3 Tips for Dealing with Death and Dying in Ministry

By Kyle Bueermann

As a pastor, you will inevitably and regularly encounter death.

You’ll sit with church members as they take their final breath. You’ll enter hospital rooms minutes after a loved one has passed.

Often, you’ll find out about a death before even the extended family or the funeral home. You’ll walk families through dark days of mourning.

Becoming “comfortable” (or at least as much as possible) with being around death and mourning is essential to ministry.

But pastor — don’t miss this — some of the most powerful ministry of your life will happen right in the valley of the shadow of death.

Here are some tips to effectively minister to those who are mourning — and even who are dying.

1. Remind your folks that death is part of life

All of us are infected with a terminal case of life. Despite modern advancements in medicine, statistics continue to show that 100% of people die. Eventually, every person will meet death.

Just last week, I had a conversation with a dear lady in our congregation who, barring a miracle, most likely has only a few months left to live.

Her husband passed away this past summer, and she is, to put it simply, ready to be Home.

She’s currently undergoing an aggressive form of chemotherapy that has some terrible side effects. She is ready to call it off and enter hospice care.

As you might imagine, she’s feeling a mix of emotions. There’s sadness that she won’t be around longer with her son, grandkids, and friends from church. But there’s excitement to see her Savior!

I was able to visit with her, pray, and remind her she’s walking through something that’s a part of this life. Everyone experiences death.

So it doesn’t do us any good to tiptoe around it. We must address it from the pulpit often, and we must remind our people that, eventually, death is coming for them.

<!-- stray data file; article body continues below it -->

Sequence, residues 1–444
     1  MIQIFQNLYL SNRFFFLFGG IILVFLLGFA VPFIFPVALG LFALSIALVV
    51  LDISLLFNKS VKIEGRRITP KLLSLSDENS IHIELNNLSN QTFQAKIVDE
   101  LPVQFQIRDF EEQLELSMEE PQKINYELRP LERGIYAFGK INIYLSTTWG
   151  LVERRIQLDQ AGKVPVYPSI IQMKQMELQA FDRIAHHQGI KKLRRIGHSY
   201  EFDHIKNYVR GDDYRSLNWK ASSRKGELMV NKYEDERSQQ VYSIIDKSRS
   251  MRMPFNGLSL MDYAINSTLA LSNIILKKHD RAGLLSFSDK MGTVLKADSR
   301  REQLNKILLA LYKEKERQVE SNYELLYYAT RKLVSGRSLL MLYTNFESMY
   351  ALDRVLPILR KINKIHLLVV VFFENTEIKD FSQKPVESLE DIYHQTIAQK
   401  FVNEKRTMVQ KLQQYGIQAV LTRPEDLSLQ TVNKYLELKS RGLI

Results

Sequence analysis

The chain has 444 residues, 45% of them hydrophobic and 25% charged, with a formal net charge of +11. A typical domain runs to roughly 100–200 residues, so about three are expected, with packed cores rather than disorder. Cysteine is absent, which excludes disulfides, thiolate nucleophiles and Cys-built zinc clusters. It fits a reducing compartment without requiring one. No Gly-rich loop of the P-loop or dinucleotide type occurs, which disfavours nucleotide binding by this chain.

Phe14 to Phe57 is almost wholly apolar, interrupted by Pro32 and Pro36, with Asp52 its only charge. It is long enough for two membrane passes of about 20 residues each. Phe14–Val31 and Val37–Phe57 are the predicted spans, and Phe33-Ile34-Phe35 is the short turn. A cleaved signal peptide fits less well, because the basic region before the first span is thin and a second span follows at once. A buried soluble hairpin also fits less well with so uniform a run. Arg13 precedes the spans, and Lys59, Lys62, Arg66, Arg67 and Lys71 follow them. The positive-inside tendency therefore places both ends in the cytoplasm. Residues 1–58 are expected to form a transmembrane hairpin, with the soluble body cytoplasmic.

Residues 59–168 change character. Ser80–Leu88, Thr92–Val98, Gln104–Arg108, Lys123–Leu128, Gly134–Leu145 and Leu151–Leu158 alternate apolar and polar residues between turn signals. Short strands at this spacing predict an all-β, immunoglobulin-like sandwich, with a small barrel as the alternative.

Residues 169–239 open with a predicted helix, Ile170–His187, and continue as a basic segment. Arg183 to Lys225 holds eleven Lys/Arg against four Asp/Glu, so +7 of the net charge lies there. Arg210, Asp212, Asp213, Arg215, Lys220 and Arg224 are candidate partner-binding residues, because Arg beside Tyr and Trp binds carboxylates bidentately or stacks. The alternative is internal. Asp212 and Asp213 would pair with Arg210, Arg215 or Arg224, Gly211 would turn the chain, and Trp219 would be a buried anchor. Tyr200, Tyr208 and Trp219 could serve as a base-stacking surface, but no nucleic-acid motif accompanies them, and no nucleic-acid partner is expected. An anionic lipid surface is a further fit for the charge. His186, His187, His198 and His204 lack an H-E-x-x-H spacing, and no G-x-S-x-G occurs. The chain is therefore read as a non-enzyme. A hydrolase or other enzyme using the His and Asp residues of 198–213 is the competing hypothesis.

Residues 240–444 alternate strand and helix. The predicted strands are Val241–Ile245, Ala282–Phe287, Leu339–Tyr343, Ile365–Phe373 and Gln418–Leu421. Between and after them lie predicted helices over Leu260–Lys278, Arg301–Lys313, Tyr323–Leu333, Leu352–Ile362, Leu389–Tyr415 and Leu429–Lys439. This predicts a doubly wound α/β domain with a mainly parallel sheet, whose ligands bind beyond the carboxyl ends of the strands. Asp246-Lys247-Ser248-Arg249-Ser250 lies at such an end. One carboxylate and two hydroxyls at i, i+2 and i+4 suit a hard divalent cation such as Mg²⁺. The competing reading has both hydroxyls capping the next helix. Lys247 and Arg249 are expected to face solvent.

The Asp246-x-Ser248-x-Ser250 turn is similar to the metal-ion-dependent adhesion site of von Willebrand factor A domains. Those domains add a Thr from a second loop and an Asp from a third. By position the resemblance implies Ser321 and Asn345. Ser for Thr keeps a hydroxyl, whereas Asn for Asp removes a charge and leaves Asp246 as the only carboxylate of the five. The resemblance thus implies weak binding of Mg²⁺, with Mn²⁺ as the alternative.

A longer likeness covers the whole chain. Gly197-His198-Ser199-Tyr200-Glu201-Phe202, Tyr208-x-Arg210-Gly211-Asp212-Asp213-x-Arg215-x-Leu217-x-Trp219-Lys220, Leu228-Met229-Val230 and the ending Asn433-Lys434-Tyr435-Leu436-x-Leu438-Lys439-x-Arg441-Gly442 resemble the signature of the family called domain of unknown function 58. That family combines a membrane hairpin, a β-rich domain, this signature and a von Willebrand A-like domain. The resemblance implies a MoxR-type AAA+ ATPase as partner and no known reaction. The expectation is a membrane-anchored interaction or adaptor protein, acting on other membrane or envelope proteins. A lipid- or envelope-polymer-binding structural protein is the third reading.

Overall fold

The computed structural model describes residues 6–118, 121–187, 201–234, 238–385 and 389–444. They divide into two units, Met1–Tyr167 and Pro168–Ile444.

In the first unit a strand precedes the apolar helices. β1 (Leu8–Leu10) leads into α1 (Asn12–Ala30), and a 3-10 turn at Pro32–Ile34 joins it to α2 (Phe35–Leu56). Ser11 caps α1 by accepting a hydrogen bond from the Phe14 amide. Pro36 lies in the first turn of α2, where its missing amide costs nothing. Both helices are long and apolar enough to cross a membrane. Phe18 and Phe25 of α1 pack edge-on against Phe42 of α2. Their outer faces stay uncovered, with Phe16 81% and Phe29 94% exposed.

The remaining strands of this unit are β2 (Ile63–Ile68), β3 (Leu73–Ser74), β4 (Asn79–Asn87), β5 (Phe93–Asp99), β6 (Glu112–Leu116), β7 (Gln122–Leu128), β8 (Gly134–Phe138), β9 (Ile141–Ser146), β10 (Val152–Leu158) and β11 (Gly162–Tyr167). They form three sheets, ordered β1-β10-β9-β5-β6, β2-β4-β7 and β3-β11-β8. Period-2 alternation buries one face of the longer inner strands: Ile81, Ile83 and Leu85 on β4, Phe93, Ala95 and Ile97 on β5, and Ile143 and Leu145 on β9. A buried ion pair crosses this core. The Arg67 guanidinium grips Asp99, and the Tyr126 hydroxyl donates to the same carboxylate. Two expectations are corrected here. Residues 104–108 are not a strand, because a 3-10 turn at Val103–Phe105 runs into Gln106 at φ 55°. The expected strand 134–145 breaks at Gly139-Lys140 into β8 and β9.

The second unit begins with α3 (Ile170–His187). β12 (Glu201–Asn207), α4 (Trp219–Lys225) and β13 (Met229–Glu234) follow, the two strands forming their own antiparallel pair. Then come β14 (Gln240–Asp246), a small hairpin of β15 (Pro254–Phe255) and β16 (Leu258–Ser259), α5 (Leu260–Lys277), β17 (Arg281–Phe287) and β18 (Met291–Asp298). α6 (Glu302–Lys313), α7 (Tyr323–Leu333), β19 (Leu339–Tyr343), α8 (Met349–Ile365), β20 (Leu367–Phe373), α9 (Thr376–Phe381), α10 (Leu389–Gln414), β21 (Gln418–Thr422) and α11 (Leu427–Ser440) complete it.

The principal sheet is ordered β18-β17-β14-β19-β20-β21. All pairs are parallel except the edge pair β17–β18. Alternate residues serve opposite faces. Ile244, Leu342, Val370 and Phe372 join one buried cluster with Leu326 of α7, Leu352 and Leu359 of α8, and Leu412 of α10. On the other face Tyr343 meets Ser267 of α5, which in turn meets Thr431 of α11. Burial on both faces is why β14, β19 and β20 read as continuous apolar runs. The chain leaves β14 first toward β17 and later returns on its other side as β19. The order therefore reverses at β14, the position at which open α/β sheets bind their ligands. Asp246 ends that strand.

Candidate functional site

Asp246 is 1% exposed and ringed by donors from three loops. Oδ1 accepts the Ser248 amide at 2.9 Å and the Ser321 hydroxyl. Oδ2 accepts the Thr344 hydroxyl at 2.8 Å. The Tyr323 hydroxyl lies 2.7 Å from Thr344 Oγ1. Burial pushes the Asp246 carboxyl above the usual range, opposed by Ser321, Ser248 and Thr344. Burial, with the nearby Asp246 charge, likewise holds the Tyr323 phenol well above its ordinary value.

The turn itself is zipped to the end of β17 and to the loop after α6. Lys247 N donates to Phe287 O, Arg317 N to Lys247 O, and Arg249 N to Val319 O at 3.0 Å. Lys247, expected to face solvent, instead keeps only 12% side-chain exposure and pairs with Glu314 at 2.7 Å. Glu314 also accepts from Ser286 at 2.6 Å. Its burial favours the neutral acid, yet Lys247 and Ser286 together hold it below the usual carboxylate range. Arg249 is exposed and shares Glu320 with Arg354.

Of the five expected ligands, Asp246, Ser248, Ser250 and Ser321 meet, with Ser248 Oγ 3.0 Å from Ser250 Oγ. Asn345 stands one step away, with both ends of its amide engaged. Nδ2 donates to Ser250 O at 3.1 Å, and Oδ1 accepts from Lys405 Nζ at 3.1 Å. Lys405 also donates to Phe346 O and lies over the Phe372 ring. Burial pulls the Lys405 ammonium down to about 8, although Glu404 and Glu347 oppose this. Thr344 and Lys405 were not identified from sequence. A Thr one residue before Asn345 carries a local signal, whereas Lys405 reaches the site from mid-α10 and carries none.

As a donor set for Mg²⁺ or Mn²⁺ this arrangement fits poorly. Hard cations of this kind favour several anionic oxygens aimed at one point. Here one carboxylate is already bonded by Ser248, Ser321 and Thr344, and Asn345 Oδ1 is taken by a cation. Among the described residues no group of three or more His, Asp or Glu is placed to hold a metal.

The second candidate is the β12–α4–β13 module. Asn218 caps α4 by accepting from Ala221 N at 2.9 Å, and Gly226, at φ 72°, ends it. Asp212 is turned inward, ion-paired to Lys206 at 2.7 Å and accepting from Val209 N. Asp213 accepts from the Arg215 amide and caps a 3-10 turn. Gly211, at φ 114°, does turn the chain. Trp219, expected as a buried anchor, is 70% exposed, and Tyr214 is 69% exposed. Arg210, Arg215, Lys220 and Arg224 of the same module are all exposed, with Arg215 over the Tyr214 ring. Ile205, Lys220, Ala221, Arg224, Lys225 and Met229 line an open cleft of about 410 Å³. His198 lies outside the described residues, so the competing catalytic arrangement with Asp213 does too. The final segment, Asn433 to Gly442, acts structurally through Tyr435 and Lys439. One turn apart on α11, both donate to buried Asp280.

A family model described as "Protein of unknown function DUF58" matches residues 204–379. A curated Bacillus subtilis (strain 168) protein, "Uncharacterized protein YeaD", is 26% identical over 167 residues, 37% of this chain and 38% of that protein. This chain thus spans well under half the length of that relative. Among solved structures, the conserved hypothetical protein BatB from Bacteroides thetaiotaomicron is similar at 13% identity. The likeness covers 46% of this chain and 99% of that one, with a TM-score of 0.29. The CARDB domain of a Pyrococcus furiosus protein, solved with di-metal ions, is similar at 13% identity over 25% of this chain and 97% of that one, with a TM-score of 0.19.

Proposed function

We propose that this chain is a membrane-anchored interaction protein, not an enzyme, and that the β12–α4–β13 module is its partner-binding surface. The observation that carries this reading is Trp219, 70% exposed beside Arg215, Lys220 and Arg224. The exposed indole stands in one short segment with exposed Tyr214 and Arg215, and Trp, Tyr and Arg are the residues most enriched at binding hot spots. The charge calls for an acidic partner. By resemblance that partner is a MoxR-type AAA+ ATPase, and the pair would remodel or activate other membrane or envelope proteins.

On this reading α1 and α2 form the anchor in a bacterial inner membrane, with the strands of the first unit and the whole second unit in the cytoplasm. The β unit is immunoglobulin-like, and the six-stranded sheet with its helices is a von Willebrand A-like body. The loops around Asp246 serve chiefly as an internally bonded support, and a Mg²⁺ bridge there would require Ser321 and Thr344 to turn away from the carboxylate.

2. Remind your folks that death is not ‘normal’

Does this seem to contradict what I said before? Yes, death is normal for us — but it’s not normal either.

Death is part of life. It’s inevitable. But it’s not the way life is supposed to be.

Death never was part of God’s original plan but is a result of the Fall. Therefore, the pain of death is real. It hurts.

While believers certainly have hope beyond the grave (more on that in a bit), let’s not minimize the genuine pain death brings. To do so can be perceived as diminishing the value of what (or who) was lost.

Minimizing that pain certainly risks alienating your people during some of their darkest days.

And along these lines, I’d also caution against the many clichés used during times of death and mourning.

  • “God needed another angel.”
  • “She’s up there looking down on us.”
  • “I guess God needed him more than we did.”

Not only are these not helpful, but they’re also unbiblical. Instead, love mourners through the grief process, then help them see death from a biblical standpoint.

Death is a normal part of life, but it was certainly never meant to be “normal.”

3. Remind your folks that death is not the end

For the follower of Jesus, death is but a doorway to eternal life. It’s the final stop on our way Home. Therefore, for believers, death is victory!

As you walk your people through days of mourning, don’t forget to remind them that Christ overcame the power of sin and death once and for all. This is monumentally important during funerals.

I always assume there will be people present at a funeral who 1) have no relationship with Jesus and 2) are asking questions about life and death.

What a great opportunity, as these questions swirl, to preach the gospel. Give them Jesus!

A final encouragement

Walking folks through the valley of the shadow of death is an integral part of ministry. Don’t waste those moments. Instead, let the glory of the gospel shine through during the darkest of days.

Editor’s Notes – This article originally appeared at factsandtrends.net,

Published February 25, 2020

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Kyle Bueermann

Kyle Bueermann is a Rural Specialist for the Replant Team. He served as a youth and music minister and as a senior pastor for nine years in New Mexico. He’s married to Michelle and they have two kids: Noah and Hailey. He’s a fan of the Texas Rangers and loves black coffee. Kyle and his family live in Lubbock, TX.